The Christian Perspective (by T.F. Torrance)

This post explores "The Christian Perspective," -- chapter 2 of T.F. Torrance's book "The Christian Doctrine of God. One Being Three Persons." This post was written by Torrance scholar Travis M. Stevick for a session of the T.F. Torrance Reading Group.

In chapter 1 ("Introduction") of The Christian Doctrine of God, Torrance makes several epistemological observations that will be important as we look at chapter 2, which begins with the key perspective that authentic knowledge of God must always be, at bottom, the result of revelation, rather than logic or mere empirical observation within our creaturely world. Torrance explains that this revelation comes primarily through Jesus, understood within the context of ancient Israel (a key point that he unpacks in The Mediation of Christ). While this insight has distinctly theological and distinctly Christian roots, once grasped it can be applied outside that field into other areas of study. This insight is the root of Torrance’s crucial take on the theology-science dialogue. For Torrance, it is not merely that theologians should be aware of and conversant in scientific work and progress, it is also that science benefits from dialogue with theology. Indeed, it could be argued that, when directing our attention to the best of contemporary science, Torrance is not seeking inspiration from them as much as seeking to be reminded of what Christian theologians should already know, that the object of our study ought to dictate the terms in which we know it.

Toward the bottom of page 15, Torrance cites John Calvin and remarks 

In other words, in "the Holy Trinity" we have to do with God himself, not just modal ways of thinking about God, for the One true God is actually and intrinsically Triune and cannot be truly conceived otherwise. 

I cannot help but think that this is both a stating of a realist perspective over and against Modalism, but it also makes it clear that we have more complete access to God than would be implied in a “modal” thinking. That is to say, we are not restricted to wondering what God might or could be like. We are, throughout this whole book, dealing with the concrete actuality of God, not mere divine possibility.

On page 16, Torrance states that 

it belongs to the essence of the Gospel that God has come among us and become one with us in such a reconciling and miraculous way as to demolish the barriers of our creaturely distance and estrangement from him, and has spoken to us directly and intimately about himself in Jesus Christ his beloved Son. 

In this statement we have epistemology, hermeneutics, and all manner of scientific convictions overlapping. This key theological conviction is why the title of this chapter, “The Christian Perspective” matters and why it is distinguishable from reasonable alternative titles. To say, “The Christian Perspective” cannot simply be equated with “The Biblical Perspective.”

We do not start from tradition, from science, from philosophy, nor even from the Bible considered merely as a text that has no need of interpretation. Rather we begin with Jesus. Note the marvelous summary paragraph on page 17, that begins: “The specifically Christian doctrine of God…” The practical implications of Torrance’s Christocentricity are laid out clearly.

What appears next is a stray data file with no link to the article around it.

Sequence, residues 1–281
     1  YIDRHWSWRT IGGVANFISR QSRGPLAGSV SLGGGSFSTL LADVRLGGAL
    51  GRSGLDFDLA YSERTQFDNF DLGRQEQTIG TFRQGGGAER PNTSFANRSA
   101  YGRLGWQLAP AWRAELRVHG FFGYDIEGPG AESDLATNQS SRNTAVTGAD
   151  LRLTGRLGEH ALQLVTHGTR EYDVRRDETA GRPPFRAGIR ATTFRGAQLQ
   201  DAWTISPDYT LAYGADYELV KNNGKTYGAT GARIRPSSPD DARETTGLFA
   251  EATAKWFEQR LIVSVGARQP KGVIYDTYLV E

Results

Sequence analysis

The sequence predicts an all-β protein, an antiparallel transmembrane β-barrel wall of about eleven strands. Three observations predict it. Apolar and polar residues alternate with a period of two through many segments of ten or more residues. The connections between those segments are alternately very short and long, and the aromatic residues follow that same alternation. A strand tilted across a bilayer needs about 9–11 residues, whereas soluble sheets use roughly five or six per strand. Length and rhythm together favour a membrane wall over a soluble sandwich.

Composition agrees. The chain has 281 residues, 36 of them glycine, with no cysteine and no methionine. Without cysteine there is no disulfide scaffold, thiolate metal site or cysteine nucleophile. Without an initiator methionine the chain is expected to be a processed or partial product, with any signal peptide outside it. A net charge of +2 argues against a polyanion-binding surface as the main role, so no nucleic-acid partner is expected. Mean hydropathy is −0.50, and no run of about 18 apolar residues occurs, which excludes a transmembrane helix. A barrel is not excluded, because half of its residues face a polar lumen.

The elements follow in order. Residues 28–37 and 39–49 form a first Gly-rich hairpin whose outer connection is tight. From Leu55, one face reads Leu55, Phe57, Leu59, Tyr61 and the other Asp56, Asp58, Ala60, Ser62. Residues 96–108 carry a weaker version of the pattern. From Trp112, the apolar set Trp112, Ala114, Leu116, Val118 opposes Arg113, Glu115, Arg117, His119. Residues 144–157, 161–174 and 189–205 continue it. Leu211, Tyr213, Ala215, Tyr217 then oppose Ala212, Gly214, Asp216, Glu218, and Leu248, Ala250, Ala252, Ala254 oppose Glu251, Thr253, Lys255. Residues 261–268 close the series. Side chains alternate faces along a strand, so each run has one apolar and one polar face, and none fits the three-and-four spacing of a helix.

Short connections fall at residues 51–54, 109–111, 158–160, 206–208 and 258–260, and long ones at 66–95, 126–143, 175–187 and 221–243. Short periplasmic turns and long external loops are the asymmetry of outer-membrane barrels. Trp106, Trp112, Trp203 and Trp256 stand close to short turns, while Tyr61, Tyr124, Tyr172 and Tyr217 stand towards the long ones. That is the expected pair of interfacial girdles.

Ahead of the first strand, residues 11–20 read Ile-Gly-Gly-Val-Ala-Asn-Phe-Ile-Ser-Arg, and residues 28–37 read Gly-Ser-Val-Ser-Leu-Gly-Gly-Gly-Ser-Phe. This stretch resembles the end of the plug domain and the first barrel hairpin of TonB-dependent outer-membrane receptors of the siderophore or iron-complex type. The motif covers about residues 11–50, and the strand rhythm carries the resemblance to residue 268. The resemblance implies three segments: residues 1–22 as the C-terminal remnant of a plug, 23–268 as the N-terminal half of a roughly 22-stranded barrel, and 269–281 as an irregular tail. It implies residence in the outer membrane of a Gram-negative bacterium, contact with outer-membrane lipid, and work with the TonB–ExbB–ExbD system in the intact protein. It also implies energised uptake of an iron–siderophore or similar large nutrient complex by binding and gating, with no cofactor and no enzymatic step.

On page 18, Torrance lays out a Pneumatological principle: 

How could the Spirit pour the love of God into our hearts, how could the Spirit mediate Christ to us, and how could Christ be present to us in the Spirit, if the Spirit were not himself divine like the Father and the Son and of one and the same being (homoousios) with them? 

This quotation, leading into the next sections of the chapter, express a Torrancean perspective that is not always as clear as one might like (although perhaps clearer in this book than elsewhere): Trinitarian convictions are impressed upon the church through the brute facts of the gospel.

Chapter 2 is followed by one on biblical considerations. This seems to be because we (the church) did not start with scripture and then deduce the Trinity. Rather, we encountered the Trinity and then searched the scriptures, both Old and New Testaments, to see if that conviction was consistent and defensible in their light. Sometimes Torrance obscures this deep concrete perspective, though I don’t think he wanted to. For example, in The Trinitarian Faith, Torrance arranges his work after the pattern of the Creed (and the baptismal formula it is based on) rather than the Pauline benediction from 2 Corinthians 13.

Presenting issues in this way has the clear advantage of clearly stating a Trinitarian conviction already attained. However, putting the weight on this way of presenting issues tends to obscure the concrete character of the doctrine and reinforces the perspective of so many in the church, that the Trinity is not crucial to our faith and is a conundrum to be solved rather than the beauty of the gospel. To put this in other words, using the baptismal formula as our framework stresses ontological convictions while using the Pauline benediction stresses epistemological ones (that is, it prioritizes how we came to know the Trinity). This becomes clearer later in this book when Torrance talks about the “levels” of our knowing.

The remainder of chapter 2 is divided into three sections, each of which lays out a critical observation that must be grasped if the material content of the rest of the book is to be grasped. The first of these deals with the fact that the revelation of God in Jesus is not something we could have told ourselves but breaks in on us from beyond ourselves. This insight is a repeated theme in Torrance’s epistemology. Perhaps most extensive is in his long chapter on “existence statements” and “coherence statements” in Theological Science.